JB: Schematically, we might say that theater is the art of time and visual arts the art of space. It’s more complex than this, of course, because as a viewer your are also dealing with time when you look at a painting for three seconds or seven minutes. My performances in the theaters are based on time essentially, and that’s why so many spectators find my pieces boring. I always emphasize this quality. I love the power of theater to change the feeling and/or the awareness of time. This is one of the strengths of theater. For example, as a spectator I always need to know before the performance starts how long it lasts, otherwise I cannot engage fully in the experience that theater can offer. There is a contract between the spectator and the director/choreographer: the spectator gives his/her time to the performance, an so there is an incredible level of trust and investment in this theatrical relationship. Which is very different from the museum. You can visit an exhibition in five minutes or in two hours: this is time-free! Sometimes when I have no time left for one reason or another, instead of visiting the exhibition I have a look at the catalog in the museum bookstore. Shame on me! So I came up with this title very quickly, almost without thinking about it. It is a modus operandi for the visitors, laying out the contract: “Hey guys! Be careful, give the exhibition time or nothing will happen.” I warn them – if they don’t respect my advice, too bad for them. But on the other hand, this situation of time-freeness has moved my work into interesting new territories: I started to think from a different point of view; I had to abandon dramaturgy, which is the main tool of theater, for dramaturgy means organizing, “writing” time. My last two works, Company, Company and Dancing like nobody is watching has no dramaturgy really; there is no beginning and no end, i.e. there is no writing, no development of time. I might say that ‘Dancing….’ is only time, pure time. Time will last forever, won’t it? + ∞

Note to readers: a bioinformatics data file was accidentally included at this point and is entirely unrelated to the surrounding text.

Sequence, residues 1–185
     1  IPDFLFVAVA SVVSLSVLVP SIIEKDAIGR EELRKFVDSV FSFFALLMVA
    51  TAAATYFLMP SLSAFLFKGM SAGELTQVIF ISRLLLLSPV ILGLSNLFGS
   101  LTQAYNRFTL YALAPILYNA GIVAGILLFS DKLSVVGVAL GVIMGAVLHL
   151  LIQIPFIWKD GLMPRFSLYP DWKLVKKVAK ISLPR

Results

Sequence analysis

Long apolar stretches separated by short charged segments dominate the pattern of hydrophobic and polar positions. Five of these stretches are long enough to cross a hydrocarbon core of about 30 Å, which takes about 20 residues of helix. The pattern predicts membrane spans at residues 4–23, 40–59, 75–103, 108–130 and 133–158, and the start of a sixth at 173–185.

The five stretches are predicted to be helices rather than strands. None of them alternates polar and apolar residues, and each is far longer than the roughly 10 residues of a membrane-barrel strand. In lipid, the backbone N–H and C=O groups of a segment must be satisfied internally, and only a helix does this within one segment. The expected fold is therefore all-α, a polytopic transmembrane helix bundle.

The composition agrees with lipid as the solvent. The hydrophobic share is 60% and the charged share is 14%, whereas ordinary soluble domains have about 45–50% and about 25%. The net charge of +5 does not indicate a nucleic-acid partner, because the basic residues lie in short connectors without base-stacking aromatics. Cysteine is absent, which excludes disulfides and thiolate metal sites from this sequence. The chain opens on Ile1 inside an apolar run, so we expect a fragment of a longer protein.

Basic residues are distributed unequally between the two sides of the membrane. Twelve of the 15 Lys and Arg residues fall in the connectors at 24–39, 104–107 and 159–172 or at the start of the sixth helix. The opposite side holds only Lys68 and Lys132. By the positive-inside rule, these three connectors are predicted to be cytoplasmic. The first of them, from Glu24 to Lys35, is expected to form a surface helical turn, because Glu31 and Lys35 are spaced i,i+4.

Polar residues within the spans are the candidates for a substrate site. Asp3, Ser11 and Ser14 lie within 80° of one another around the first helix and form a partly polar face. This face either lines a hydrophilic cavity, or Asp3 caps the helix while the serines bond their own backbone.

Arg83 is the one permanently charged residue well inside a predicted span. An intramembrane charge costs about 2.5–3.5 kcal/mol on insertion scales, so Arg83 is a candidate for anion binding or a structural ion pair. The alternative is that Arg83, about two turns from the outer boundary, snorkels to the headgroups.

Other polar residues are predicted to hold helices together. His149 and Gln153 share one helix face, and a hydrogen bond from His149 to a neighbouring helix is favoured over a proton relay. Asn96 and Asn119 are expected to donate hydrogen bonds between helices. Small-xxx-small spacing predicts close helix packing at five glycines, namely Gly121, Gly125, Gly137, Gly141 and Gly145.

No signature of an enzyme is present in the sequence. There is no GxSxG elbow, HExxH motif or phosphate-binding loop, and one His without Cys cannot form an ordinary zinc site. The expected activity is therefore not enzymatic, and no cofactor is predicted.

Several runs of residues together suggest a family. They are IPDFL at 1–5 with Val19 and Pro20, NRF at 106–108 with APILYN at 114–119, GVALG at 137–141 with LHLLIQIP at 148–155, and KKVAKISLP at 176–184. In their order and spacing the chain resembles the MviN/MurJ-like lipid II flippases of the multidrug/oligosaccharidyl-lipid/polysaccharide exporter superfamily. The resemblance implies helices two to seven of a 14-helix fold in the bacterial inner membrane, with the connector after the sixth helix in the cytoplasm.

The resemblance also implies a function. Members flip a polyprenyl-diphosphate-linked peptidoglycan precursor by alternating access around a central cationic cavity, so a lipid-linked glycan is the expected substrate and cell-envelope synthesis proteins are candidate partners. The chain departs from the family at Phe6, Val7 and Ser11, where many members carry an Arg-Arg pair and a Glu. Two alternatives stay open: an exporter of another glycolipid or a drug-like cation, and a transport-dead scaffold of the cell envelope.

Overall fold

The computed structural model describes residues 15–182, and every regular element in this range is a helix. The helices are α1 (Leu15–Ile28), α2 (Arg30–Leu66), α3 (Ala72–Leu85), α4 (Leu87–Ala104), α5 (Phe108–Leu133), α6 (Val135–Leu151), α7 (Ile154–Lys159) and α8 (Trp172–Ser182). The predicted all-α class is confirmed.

EG: Over the last few years, against the backdrop of growing exchange between visual arts and dance, the terms “choreography” and “exhibition” have become ever more associated, especially with regard to the role/presence/movement of the audience. Is it something you discussed when you “designed” the exhibition? Could you guide us (the readers) through the exhibition, its display, the sequence of works and their supports?